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Back in action
May 9, 2016
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by Ivan Raconteur

Being back in action never feels quite so sweet as it does following a time my back has been out of action.

Maladies come in all shapes and sizes. I seem to be discovering more of them with each passing year. They can range from minor inconveniences to major roadblocks in our daily routine.

The minor things are easy. We can ignore them and still get on with our lives.

If we have a sore thumb, for example, chances are we can get by using the other hand, at least temporarily.

When I had my ankle rebuilt with some snazzy new titanium plates a few years ago, I became fairly proficient at getting around on one leg. I pretended I was a pirate.

Back pain is different.

I was reminded of this recently when I woke up on a Saturday morning to find a black cloud had descended over me.

It would be an exaggeration to say I greet each new day by springing out of bed and bursting forth with a happy song, but some days start out that way.

On this particular Saturday, however, there was no springing, and my first utterance was more like the wail of a banshee than a happy tune.

My initial attempts to move were greeted with some singularly unpleasant twinges along the port side of the spine.

Cautiously, I swung my legs over the edge of the bed and stood up.

Stood, in this case, is a relative term. You might envision a shape like the letter “I” when you think about standing, but in this case, it was more like a shaky letter “C.”

My mornings are already a bit of a circus.

I have been battling plantar fasciitis, so I can’t put much weight on my right foot first thing in the morning.

My eyes tend to be dry due to far too many hours of screen time, so I can’t see clearly until I have put the first round of drops in my eyes for the day.

Adding the back pain to this did not improve matters.

I shuffled to my chair like a man of 110 in poor health.

When I say shuffled, think of the speed of a glacier. My pace then, and for the days that followed, made the average sloth look quick and nimble in comparison.

The problem, as I was reminded in no uncertain terms, is that we use our backs for everything.

Pain can wear us down, but it is impossible to get any rest because there is no comfortable position in which to sit, stand, or recline.

Once you eliminate the big three, there aren’t many positions left.

I found bracing myself against a wall or clinging to the edge of the kitchen counter were the safest positions.

I discovered sitting in the Subaru offered some relief. Unfortunately, this required getting in and out of the vehicle, neither of which were much fun.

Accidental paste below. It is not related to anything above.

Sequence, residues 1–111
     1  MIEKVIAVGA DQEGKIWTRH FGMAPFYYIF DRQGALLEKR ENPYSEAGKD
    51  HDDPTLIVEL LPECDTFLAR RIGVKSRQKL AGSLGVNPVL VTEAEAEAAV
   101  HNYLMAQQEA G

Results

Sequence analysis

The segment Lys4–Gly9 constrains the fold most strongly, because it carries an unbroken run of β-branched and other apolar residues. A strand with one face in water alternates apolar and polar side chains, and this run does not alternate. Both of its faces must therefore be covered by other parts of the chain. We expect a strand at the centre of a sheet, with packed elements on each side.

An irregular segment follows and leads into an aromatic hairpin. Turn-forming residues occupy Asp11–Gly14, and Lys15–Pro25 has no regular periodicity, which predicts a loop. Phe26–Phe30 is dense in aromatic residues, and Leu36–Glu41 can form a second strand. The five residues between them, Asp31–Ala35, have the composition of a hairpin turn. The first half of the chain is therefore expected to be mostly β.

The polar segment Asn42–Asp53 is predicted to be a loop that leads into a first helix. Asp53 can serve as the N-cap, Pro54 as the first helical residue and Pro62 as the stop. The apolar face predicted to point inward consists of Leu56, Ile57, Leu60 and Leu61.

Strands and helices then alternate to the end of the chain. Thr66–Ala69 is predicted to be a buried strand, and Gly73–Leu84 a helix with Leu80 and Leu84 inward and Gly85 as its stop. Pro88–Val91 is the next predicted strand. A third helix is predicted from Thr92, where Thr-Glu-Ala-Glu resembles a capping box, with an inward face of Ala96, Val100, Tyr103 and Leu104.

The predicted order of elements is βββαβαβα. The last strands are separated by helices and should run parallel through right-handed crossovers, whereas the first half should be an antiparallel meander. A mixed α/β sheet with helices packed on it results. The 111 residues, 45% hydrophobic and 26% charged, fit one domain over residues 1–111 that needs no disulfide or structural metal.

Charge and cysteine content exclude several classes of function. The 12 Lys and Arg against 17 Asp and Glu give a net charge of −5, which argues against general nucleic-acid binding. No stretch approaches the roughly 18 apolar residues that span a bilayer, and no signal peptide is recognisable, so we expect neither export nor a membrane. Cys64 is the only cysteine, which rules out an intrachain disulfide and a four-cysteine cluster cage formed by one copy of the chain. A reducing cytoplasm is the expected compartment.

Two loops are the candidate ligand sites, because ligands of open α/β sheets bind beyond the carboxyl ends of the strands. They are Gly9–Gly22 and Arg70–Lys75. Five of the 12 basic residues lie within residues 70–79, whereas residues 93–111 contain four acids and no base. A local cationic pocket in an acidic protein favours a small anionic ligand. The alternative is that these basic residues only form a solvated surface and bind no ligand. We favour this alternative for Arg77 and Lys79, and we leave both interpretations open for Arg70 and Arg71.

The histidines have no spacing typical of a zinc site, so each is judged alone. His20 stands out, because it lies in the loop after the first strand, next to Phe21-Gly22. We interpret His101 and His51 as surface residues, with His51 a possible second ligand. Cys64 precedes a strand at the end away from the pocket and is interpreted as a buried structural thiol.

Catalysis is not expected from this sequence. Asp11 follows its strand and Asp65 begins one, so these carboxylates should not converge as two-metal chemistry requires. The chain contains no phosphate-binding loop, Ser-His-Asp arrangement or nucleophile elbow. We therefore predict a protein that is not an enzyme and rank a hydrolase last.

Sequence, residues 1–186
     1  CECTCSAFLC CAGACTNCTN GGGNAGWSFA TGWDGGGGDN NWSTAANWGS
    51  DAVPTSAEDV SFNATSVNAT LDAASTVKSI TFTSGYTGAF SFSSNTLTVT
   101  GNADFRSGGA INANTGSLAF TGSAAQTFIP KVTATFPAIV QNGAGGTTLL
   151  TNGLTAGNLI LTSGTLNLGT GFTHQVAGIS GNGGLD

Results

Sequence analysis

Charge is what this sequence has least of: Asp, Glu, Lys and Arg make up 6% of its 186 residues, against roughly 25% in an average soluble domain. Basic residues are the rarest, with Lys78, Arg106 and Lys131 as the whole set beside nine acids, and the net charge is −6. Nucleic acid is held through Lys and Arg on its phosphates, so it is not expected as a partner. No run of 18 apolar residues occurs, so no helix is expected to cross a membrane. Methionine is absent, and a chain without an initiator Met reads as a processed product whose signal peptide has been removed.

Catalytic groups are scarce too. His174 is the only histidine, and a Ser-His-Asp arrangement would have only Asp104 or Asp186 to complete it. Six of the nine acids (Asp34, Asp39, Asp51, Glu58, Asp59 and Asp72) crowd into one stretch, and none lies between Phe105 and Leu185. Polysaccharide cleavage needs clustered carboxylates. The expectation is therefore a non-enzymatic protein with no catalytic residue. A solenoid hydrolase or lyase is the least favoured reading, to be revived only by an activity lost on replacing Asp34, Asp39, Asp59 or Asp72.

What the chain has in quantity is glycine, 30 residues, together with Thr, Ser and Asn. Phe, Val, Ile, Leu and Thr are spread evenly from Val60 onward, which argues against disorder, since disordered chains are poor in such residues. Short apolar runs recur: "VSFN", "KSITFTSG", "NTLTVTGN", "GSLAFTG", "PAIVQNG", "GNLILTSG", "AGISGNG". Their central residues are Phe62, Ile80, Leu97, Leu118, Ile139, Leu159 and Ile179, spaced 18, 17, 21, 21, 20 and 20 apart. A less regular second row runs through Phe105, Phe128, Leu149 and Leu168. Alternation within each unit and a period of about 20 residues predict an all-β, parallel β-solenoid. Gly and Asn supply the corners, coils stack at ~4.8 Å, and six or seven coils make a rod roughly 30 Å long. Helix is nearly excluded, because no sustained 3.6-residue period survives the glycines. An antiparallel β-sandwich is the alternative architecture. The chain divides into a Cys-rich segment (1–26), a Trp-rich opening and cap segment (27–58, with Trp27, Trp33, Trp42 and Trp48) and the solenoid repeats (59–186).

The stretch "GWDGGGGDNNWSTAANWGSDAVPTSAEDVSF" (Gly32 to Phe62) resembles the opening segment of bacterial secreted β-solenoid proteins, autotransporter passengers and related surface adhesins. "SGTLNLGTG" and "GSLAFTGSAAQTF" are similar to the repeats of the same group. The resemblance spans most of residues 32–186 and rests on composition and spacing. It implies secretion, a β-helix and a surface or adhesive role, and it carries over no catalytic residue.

When I am healthy, I simply get in the car.

During the days when my back was giving me trouble, entering the vehicle was a slow and painful process.

Lifting my foot the short distance from the ground to the vehicle was a daunting prospect.

I also discovered it is nearly impossible to enter a vehicle without some degree of bending and twisting, and bending and twisting were no fun at all, at least not for those few days.

I have experienced back pain previously, but one of the differences this time was I have no idea what caused it. I woke up Saturday morning and realized immediately that my weekend plans had changed.

Usually, when I have had back pain it has been the result of playing football, falling down mountains, or lifting a billiard table. I didn’t do any of these things on this occasion, so I don’t know what to avoid in order to prevent it happening again.

With some injuries, it is possible to just power through and ignore it.

Back pain isn’t like that.

I suffered debilitating waves of pain far too often.

If I even thought about moving a bit carelessly, another wave of excruciating muscle spasms swept over me. This is the kind of pain that can cause a guy to drop like a cheap prom dress.

Many times, I would have done just that if I wasn’t clinging to a wall or piece of furniture for support.

My bed was of no use to me during this time. The only way I could get some level of sleep was to wedge myself into a chair in a mostly upright position.

Simple things become major challenges when one is suffering from back pain.

Making dinner may be too much to contemplate.

There are a lot more steps to making dinner than we think about under normal circumstances.

Bending down to take a pan out of the cupboard, leaning over a stove, or reaching to take ingredients from a pantry shelf can all be insurmountable obstacles.

I am happy to say I am back among the land of the living.

I’m not quite ready to do any bouncing or springing yet, but I am walking more like a sprightly 70-year-old than a fossil of 110, and it feels wonderful.


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